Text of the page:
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December 1979

Dermatofibrosarcoma Protuberans Arising in a Site of Multiple Immunizations

Author Affiliations

From the Department of Dermatology, University of Pennsylvania School of Medicine, Philadelphia (Drs Morman, Lin, and Petrozzi), and the Dermatology Section of Philadelphia Veterans Administration Hospital (Dr Petrozzi). Dr Morman is presently with the Department of Dermatology, Cleveland Clinic Foundation.

Arch Dermatol. 1979;115(12):1453. doi:10.1001/archderm.1979.04010120049022

Benign dermatologic conditions, including sarcoidosis, erythema multiforme, urticaria, erythema nodosum, and others, have developed at the sites of vaccination.1 Scars from burns, x-rays, lupus vulgaris, lupus erythematosus, and chronic osteomyelitis are susceptible to cancerous change.2 The development of malignancy in vaccination scars is also a well-recognized event, with at least five different tumors having been described in vaccination sites: basal cell carcinoma, malignant melanoma, squamous cell carcinoma, fibrosarcoma, and dermatofibrosarcoma protuberans. We describe a patient in whom dermatofibrosarcoma protuberans developed at the site of multiple immunizations.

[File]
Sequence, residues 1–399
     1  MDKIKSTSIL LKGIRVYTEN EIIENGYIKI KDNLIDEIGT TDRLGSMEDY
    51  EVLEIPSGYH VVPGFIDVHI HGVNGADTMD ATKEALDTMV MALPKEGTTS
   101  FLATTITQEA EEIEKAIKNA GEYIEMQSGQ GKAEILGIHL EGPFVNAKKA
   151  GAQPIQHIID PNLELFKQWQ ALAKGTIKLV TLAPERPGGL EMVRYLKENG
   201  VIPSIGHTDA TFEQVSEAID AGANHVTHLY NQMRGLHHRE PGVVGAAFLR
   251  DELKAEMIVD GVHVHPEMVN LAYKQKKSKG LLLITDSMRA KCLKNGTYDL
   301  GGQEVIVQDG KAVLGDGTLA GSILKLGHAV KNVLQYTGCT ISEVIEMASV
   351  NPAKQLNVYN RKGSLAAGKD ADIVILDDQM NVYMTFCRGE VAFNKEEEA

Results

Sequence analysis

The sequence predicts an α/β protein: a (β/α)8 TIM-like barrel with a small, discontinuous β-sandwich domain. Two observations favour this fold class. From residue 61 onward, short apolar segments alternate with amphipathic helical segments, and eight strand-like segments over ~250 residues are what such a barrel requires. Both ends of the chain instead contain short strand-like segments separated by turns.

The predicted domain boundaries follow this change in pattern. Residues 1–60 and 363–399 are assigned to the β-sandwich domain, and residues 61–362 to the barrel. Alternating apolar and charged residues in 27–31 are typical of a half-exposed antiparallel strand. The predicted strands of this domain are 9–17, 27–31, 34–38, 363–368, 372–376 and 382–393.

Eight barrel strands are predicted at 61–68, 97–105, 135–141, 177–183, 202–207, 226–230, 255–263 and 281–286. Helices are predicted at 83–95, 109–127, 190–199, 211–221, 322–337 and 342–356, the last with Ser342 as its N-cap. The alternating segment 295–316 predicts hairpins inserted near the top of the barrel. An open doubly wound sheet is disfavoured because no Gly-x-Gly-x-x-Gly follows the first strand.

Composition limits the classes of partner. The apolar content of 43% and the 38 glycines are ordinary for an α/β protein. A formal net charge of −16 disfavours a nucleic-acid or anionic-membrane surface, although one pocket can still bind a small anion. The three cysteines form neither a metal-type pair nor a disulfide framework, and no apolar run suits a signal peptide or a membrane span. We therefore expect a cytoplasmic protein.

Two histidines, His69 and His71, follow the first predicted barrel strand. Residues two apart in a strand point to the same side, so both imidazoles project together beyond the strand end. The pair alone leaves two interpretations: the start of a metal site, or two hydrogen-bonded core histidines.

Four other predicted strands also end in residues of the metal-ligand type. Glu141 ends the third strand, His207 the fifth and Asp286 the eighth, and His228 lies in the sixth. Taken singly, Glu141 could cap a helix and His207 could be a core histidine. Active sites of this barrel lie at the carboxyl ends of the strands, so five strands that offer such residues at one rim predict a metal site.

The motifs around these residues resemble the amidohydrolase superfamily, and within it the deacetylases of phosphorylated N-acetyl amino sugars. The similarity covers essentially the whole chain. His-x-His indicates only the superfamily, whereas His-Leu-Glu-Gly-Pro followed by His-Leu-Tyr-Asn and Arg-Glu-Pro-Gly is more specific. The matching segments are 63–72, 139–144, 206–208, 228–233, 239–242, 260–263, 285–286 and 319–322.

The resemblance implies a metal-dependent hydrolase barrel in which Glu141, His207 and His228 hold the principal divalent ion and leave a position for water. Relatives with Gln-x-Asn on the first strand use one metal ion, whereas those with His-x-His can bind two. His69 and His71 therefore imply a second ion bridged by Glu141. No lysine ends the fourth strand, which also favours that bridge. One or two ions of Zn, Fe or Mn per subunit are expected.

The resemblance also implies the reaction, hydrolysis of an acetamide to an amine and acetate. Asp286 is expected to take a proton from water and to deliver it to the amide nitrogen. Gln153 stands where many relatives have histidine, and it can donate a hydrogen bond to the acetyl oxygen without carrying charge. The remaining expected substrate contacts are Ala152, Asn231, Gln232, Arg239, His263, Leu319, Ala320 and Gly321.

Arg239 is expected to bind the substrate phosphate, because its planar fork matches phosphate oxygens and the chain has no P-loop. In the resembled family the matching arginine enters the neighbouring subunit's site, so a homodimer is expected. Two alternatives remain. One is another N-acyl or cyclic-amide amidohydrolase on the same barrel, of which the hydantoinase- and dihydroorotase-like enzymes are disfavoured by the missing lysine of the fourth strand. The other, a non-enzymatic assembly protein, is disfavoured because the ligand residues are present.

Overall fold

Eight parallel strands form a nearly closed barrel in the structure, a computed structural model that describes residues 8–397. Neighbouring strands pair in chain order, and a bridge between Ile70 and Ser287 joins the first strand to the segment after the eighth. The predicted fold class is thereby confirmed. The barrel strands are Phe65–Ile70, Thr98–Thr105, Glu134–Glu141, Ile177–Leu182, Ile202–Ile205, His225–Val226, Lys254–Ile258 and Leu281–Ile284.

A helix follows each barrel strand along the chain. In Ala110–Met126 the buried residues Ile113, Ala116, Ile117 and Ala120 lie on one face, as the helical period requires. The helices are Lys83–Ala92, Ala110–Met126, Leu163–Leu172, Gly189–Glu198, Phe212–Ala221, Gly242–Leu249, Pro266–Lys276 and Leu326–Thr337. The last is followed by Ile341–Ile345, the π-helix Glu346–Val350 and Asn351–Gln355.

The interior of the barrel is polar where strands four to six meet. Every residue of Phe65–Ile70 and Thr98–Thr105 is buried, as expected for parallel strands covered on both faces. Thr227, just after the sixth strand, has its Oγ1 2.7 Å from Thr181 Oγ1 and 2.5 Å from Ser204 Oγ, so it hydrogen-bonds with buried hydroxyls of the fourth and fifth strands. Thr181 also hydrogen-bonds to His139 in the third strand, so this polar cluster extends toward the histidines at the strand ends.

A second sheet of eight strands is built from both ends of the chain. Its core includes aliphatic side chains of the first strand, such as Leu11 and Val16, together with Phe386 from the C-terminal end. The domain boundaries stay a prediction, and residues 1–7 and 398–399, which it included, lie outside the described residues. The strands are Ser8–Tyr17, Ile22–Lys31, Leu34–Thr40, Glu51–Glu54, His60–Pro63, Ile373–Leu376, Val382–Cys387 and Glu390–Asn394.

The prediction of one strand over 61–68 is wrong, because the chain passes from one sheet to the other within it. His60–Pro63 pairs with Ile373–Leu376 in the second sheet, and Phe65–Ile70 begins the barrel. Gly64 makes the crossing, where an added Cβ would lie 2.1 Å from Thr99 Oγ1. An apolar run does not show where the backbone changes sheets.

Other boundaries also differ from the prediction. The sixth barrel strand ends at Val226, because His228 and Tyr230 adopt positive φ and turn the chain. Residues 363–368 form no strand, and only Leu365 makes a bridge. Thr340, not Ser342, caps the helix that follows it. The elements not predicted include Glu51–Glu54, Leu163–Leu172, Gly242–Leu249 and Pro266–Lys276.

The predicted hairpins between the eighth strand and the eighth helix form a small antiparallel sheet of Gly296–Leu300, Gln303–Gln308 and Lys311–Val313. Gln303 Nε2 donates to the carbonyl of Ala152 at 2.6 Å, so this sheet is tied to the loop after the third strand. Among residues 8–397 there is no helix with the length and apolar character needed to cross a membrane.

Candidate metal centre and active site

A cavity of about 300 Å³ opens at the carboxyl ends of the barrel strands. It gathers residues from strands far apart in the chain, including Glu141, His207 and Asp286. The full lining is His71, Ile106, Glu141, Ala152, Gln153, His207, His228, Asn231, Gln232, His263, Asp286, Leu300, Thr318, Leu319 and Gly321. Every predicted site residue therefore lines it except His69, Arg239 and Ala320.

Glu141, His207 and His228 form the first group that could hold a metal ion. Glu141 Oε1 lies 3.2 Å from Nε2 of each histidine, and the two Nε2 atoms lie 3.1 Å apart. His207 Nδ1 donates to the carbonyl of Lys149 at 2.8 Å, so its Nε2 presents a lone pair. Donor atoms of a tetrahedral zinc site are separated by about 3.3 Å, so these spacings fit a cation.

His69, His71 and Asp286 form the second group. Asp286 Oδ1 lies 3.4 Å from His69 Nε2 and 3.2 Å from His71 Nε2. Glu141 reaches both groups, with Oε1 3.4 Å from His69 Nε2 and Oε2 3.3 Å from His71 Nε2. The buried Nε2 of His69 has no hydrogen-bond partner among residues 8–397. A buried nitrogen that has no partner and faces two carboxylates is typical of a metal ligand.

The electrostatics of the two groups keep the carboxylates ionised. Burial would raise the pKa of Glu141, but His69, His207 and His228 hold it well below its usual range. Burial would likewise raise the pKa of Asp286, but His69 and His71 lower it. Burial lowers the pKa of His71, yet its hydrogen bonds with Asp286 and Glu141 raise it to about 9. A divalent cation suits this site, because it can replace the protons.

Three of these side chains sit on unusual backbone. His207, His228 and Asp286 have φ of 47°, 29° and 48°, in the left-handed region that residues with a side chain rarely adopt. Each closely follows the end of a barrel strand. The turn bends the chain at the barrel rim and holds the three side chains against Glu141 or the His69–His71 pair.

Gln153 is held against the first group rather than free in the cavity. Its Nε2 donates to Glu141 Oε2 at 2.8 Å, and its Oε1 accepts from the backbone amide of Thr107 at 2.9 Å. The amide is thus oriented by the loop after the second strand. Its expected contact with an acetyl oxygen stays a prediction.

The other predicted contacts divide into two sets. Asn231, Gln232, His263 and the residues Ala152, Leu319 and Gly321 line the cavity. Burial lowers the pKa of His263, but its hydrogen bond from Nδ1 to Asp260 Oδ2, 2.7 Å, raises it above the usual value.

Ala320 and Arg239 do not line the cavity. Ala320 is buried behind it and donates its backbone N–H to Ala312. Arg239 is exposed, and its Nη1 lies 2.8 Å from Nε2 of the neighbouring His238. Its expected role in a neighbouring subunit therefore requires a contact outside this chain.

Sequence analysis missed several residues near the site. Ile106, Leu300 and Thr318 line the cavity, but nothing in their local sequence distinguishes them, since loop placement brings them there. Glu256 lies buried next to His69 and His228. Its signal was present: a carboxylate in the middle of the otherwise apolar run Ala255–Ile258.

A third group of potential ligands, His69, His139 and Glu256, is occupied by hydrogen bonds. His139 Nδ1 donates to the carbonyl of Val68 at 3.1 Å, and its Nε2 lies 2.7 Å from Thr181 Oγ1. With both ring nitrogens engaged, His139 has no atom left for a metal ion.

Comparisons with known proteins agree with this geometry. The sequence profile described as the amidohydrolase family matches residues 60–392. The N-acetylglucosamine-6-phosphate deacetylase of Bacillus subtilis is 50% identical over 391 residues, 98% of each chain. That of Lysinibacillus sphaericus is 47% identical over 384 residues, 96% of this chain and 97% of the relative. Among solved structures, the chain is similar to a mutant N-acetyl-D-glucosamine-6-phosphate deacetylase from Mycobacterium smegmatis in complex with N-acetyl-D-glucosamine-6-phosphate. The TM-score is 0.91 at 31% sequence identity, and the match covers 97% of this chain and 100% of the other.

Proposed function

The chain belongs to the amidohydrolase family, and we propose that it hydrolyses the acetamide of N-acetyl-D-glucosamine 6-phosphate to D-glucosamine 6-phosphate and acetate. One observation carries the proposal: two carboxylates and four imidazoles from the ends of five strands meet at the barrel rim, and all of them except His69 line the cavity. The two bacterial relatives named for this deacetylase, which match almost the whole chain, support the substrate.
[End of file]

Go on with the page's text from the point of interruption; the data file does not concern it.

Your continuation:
Report of a Case  A 33-year-old man had a rapidly growing mass in the deltoid region of his left arm. He had had multiple immunizations for plague, yellow fever, and tetanus at that site in 1965 at the time of his armed forces induction physical examination. His records were lost and he was subjected to the same injections into the same area